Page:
tacks dance

Tack sharp, that’s what they all say. It’s got to be tack sharp, sharp as a tack. You zoom in to a million per cent and all the details are still perfect.
Yes. If you’re a landscape photographer or shooting editorial portraits for a big magazine,yes of course. Scrutiny must be passed and nothing less than perfection will do.

But you’re not shooting for Vogue so it’s not such a big deal, right?
Well…it isn’t and it is. Tack sharp might not be your big goal right now but there’s nothing delicious about a blurry or soft photo. It doesn’t do you justice and it doesn’t let us see your subject the way it should be seen. It doesn’t matter if it’s a shoe or a smiling selfie, if your photos are soft they’re weak.

But never fear, I’m here to give you some small pointers to help you get super sharp shots every single time. It’s such a small thing but really, I meet so many people who’ve never heard about activating the AF on their camera.

What sort of camera do you have? Is it a camera phone, a point and shoot (P&S) or a DSLR? They each auto focus (AF) in different ways and give different signals but you’ll always focus in the same way and you’ll always get better results.

Camera phone

For the most part, your phone camera should autofocus itself quite easily. You know it’s focussed because the green rectangle will appear and the phone will beep. But did you know that you can tell the phone what to focus on by tapping the screen before you shoot? The focus doesn’t always have to be in the centre, you have control. You can choose and make your shot the way you want it.

Point and squeeze

Your P&S has how many different scene choices? Changing that dial to landscape or indoors or portrait really does make a difference to the shots you’ll get. Give your camera the chance to prove itself before you dis it. Read your manual, figure out the icons, use them.

AF on a point and shoot is the same as a DSLR – you need to gently ‘squeeze’ the button for a second to let it focus before fully depressing it to take the photo. When you do this you’ll see your AF rectangle signal on your screen, you’ll probably hear a beep and you might even hear or feel the lens focussing. NOW you can take the photo, yes it makes it take a second and a half longer but it’s more than worth it. You’ll get a photo worth keeping.

Pick your point

If you’re shooting on a DSLR you’ve got even more choice when it comes to AF. You’ll need to delve into your manual (or ask someone in the know) how you should go about changing the AF on your camera but once you do, you enter a whole new world of photography.
Change your focus settings to single point AF, find your controls (joystick or cross button on the back on the body) and go wild. You can move the AF point from top left to bottom right, to just left of centre to smack bang centre foreground. It’s up to you – although you might want to stick to some basic rules of composition all the same. And I’ll some of those for you next time round.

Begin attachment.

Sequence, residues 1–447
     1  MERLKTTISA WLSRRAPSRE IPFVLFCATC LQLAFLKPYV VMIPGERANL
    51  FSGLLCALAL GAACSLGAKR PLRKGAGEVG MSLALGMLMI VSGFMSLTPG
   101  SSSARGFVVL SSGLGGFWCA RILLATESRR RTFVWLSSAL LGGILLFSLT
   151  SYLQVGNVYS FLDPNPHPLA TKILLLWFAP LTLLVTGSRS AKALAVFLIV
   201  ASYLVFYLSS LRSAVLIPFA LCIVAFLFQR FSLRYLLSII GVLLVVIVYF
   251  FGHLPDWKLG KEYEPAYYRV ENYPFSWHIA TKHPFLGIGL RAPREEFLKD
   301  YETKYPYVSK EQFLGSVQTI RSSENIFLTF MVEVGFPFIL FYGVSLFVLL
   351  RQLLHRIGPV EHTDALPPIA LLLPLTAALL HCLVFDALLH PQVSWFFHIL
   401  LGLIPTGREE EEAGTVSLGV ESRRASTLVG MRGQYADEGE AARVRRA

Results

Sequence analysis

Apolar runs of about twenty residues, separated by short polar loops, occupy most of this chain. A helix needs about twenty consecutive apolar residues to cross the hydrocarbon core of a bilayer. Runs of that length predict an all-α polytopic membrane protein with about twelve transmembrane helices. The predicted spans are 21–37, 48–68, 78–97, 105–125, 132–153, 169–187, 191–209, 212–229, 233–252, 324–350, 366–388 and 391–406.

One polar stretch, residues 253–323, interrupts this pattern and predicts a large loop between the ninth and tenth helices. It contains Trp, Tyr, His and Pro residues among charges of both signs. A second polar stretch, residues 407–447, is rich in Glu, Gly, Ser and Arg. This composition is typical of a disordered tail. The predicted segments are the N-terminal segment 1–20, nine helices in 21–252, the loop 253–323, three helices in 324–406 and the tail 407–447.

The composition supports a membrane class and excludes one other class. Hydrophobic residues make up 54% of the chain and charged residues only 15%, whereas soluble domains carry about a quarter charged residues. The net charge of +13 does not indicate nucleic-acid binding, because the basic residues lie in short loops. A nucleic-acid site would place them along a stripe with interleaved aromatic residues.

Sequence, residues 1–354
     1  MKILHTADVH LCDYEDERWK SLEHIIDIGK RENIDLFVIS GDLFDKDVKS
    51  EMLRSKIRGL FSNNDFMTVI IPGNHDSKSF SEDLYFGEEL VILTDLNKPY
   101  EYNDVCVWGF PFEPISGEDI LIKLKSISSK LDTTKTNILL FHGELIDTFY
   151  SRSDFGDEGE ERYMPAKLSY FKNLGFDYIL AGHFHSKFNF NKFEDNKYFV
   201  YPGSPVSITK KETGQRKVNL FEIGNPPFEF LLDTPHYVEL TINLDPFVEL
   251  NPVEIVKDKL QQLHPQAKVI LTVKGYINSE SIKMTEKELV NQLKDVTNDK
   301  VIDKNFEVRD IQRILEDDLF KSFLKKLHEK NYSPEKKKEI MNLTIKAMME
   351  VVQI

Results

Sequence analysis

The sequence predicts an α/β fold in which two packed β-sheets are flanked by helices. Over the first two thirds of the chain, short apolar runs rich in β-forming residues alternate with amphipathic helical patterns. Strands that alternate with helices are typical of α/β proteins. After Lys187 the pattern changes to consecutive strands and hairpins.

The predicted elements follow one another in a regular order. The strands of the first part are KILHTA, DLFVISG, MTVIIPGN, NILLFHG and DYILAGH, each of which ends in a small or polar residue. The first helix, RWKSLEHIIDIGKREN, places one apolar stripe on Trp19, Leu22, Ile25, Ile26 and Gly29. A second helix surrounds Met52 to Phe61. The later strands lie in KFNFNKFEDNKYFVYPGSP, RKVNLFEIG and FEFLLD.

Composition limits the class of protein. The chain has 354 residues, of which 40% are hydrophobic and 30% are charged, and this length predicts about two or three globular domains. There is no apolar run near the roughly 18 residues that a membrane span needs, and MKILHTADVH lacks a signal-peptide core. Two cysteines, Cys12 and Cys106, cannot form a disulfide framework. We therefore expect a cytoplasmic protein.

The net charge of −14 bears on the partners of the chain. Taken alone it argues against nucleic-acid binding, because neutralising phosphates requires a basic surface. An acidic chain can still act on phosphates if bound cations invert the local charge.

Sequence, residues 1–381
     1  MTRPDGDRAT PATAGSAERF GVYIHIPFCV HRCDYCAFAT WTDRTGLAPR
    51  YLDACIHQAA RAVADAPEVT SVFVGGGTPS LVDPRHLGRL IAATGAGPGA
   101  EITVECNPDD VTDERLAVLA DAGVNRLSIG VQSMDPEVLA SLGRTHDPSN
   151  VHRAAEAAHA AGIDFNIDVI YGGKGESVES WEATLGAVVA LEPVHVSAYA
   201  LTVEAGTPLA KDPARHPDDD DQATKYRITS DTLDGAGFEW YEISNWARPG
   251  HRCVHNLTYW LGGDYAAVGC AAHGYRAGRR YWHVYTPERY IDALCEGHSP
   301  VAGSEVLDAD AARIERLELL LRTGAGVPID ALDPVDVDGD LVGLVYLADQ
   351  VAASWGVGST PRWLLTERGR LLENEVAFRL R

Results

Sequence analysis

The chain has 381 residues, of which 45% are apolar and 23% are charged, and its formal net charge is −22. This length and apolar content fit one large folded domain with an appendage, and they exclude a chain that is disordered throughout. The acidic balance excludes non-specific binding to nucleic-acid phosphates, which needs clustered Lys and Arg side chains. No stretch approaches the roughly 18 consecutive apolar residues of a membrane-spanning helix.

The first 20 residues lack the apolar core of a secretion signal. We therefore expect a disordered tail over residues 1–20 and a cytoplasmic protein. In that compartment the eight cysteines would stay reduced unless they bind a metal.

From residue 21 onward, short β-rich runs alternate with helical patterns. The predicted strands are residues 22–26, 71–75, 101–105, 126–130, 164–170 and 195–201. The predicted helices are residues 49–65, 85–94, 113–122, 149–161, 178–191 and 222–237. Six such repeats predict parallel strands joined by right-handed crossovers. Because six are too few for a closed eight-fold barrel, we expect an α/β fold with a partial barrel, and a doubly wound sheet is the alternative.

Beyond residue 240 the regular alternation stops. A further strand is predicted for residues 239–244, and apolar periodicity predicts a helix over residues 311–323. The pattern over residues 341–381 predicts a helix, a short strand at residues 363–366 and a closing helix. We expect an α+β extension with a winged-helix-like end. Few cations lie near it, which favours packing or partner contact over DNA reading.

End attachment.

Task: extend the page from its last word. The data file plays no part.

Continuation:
Don’t forget once you’ve picked your point that you still need to squeeze that trigger gently, give it a split second to see what you want it to see and fire. And there you have it, a photo that’s more than just a snap.

Allowing your camera those extra tiny moments to catch up with you is even more important if you’re shooting in a dark, or low-light, scenario. Making sure your focus is right gives your camera the chance to take a proper light reading if you’re in any of the auto modes and greatly increases the chances of you getting a decent photo. In auto, the camera will automatically compute how long the shutter needs to stay open for and what the ISO setting should be so all you need to do is allow it that moment it needs to do what it’s supposed to do. Of course if it’s too dark then you may never get the photo you want, but all you can do is try.

What are you focussing on?

If you’re taking a portrait, your phone or P&S might have face detection so that pretty much takes care of that. When you want to take greater control of the scene, you can focus on your point and with the button, or trigger, still squeezed reframe your photo. This will keep the focus point on the original but allow you to recompose your photo so you get the best shot possible.
The rule of thumb would generally be to focus on the eyes. They’re the most important part of any portrait. We connect with the eyes, we naturally focus on the eyes during conversation and for a photo to connect with us, it should do the same. If your subject is something without eyes, then you need to decide what the point of the photo is yourself before you take it. Where do you want the viewer to look first? What’s the reason you’re taking the photo in the first place?

I took this photo with my phone but I wanted the raspberries to be the centre of attention, not the bush and netting in the background. Simply tapping on the zone where the berries were told the camera what I wanted to do. Simples.


In further posts I’ll get in to composition, depth of field and apertures which all affect the focus of the photo too but for now, play with what you’ve got. Choose focus points in the foreground with your camera phone, watch the screen change to blur out the background, see your image gain even more life and vibrancy. Enjoy!

Please ask questions or post the results of your experiments in the comments below, I’d love to see what you do with it.